Often he was cold, tired and hungry, but the thought of the object in the store window sustained him. Sometimes his mother would ask:" Reuben, where were you? we were waiting for supper for you."
          "Playing, Mum.Sorry."
           Dora would look at his face and shake her head. Boys.
          Finally spring burst into glorious green and Reuben's spirits erupted. The time had come! He ran into the barn, climbed to the hayloft and uncovered the tin can. With shaking hands, he poured the coins out and began to count.
          Then he counted again He needed 20 cents more. Could there be any sacks left anywhere in town? He had to find four and sell them before the day ended.
            Reuben hid the tin and ran down the streets, searching.
          The shadows were lengthening when Reuben arrived at the factory. The sack buyer was about to lock up.
         "Mister! Please don't close up yet." The man turned and saw Reuben, dirty and sweat stained.
          "Come back tomorrow,boy."
          "Please, Mister. I have to sell the sacks now-please." The man heard a tremor in Reuben's voice and could tell he was close to tears.
           "Why do you need this money so badly?"
           "It's a secret."
        The man took the sacks, reached into his pocket and put four nickels into Reuben's hand. Reuben murmured a quite thank-you and ran home.
            Then,clutching the tin can, he headed for the store.
           "I have the money," he solemnly told the owner, pouring his coins onto the counter.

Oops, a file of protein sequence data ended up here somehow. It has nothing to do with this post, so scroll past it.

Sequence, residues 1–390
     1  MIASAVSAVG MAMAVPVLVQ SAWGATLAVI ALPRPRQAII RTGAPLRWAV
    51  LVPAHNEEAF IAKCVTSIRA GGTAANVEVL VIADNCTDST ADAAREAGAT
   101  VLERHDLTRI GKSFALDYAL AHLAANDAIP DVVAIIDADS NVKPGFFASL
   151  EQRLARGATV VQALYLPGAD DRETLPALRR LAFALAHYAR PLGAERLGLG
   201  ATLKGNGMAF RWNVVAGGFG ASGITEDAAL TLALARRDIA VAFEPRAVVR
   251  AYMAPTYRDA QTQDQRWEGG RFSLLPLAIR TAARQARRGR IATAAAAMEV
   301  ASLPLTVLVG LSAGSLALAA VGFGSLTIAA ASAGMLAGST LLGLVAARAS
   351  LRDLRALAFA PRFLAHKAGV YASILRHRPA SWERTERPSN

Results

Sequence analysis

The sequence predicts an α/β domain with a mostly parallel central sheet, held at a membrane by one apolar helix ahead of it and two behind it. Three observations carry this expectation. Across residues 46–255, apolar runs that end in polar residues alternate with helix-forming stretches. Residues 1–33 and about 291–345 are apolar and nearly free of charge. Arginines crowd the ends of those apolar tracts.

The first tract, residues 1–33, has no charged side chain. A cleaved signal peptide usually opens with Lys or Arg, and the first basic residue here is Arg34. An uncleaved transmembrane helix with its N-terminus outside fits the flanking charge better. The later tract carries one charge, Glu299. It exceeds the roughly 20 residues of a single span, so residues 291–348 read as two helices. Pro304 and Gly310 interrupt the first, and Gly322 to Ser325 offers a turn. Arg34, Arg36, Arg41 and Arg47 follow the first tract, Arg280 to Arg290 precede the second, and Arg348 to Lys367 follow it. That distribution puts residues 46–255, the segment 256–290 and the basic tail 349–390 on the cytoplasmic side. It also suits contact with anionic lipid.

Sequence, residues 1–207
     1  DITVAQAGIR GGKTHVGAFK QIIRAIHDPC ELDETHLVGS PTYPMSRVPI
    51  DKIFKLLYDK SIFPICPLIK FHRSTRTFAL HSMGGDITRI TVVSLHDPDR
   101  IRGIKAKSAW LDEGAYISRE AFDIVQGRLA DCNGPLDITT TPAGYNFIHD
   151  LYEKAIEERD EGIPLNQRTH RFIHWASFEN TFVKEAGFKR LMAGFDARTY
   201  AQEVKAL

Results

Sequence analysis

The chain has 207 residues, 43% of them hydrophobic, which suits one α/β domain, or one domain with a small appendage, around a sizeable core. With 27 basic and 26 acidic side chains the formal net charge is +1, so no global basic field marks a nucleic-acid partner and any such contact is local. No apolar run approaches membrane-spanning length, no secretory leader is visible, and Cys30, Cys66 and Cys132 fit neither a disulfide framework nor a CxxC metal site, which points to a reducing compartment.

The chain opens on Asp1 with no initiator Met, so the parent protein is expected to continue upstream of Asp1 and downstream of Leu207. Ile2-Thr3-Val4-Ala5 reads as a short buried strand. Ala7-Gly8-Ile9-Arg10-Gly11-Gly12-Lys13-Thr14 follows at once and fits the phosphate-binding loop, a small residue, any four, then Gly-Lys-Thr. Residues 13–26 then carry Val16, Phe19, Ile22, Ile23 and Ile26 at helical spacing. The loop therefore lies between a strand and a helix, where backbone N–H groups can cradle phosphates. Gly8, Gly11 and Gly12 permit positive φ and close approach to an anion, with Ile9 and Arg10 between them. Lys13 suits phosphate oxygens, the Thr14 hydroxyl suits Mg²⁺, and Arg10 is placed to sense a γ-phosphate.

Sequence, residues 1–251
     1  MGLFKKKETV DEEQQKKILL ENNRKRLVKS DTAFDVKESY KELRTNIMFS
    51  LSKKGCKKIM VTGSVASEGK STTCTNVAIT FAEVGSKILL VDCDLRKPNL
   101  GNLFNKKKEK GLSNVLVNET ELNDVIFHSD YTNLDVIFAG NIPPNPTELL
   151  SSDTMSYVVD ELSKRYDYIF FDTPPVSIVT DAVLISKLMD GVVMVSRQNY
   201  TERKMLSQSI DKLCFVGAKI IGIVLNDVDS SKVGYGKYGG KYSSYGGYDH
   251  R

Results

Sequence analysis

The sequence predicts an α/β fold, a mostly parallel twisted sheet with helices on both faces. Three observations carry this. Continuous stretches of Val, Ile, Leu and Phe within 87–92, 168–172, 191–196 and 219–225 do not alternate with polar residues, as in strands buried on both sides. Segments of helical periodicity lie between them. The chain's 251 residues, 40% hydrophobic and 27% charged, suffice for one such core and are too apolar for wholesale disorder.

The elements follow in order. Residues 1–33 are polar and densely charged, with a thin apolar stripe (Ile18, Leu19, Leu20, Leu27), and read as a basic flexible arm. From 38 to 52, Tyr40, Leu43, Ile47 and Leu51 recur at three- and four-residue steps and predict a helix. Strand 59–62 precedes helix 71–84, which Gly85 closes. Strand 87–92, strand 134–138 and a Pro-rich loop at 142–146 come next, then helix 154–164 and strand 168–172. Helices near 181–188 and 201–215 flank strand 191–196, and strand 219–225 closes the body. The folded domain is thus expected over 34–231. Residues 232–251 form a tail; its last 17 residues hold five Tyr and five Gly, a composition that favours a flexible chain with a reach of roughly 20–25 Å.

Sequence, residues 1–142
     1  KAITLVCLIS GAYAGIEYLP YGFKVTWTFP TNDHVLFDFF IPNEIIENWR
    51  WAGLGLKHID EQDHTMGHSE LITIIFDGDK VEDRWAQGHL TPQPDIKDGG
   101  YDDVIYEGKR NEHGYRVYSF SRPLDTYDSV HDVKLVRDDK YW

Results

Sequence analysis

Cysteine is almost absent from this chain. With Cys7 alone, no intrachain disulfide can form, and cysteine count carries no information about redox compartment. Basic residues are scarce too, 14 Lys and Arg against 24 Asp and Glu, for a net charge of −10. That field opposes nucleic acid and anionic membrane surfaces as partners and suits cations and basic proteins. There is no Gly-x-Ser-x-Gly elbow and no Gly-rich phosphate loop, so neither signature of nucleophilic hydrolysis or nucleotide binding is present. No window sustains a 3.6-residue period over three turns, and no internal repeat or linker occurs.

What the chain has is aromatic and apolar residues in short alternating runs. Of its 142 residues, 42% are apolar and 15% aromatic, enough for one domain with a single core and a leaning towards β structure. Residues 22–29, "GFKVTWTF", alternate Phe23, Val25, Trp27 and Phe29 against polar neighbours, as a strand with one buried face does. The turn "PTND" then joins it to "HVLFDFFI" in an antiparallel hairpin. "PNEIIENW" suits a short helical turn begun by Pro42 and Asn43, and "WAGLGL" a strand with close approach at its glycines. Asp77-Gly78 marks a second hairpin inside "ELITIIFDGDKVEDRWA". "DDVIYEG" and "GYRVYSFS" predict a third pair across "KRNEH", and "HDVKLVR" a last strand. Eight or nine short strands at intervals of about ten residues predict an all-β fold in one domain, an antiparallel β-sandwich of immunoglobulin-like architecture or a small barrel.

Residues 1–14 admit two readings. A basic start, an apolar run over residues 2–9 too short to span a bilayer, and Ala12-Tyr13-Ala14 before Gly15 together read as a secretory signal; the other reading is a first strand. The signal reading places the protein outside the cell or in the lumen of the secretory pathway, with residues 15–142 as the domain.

The man went to the window and retrieved Reuben's treasure. He wiped the dust off and gently wrapped  it in brown paper. Then he placed the parcel in Reuben's hand.
       Racing home, Reuben burst through the front door, His mother was scrubbing the kitchen range."Here, Mum! Here!" Reuben exclaimed as he ran to her side. He placed a small box in her work-roughened hand.
          She unwrapped it carefully, to save the paper. A blue-velvet jewel box appeared. Dora lifted the lid, tears beginning to blur her vision.
           In gold lettering on a small, almond shaped brooch was the word Mother.
           It was Mother's Day's,1946.
          Dora had never received such a gift; she had no finery except her wedding ring. Speechless, she smiled radiantly and gathered her son into her arms.
          In 1947 Mark Earle moved to Toronto. Dora and children stayed in Bay Roberts until Mark could afford to send for them. Two years later the Earle family was joyously reunited.
          Dora Earle died in 1983 in Toronto, at 75. In her will, she left her most valued possession to her son Reuben. Now in his late 60's, with two sons and five grandchildren, Reuben lives in Ontario, having retired from his career as a real-estate agent two years ago. His wife of 47 years, Lillian ,says, "Reuben has never changed from the loving boy who gave his mother that brooch."
       Reuben's eyes mist at the memory of his mother ."She was the most beautiful person in the world".

                                                                         

                                                                                                                                         
                                                                                                                                        Indra Sharma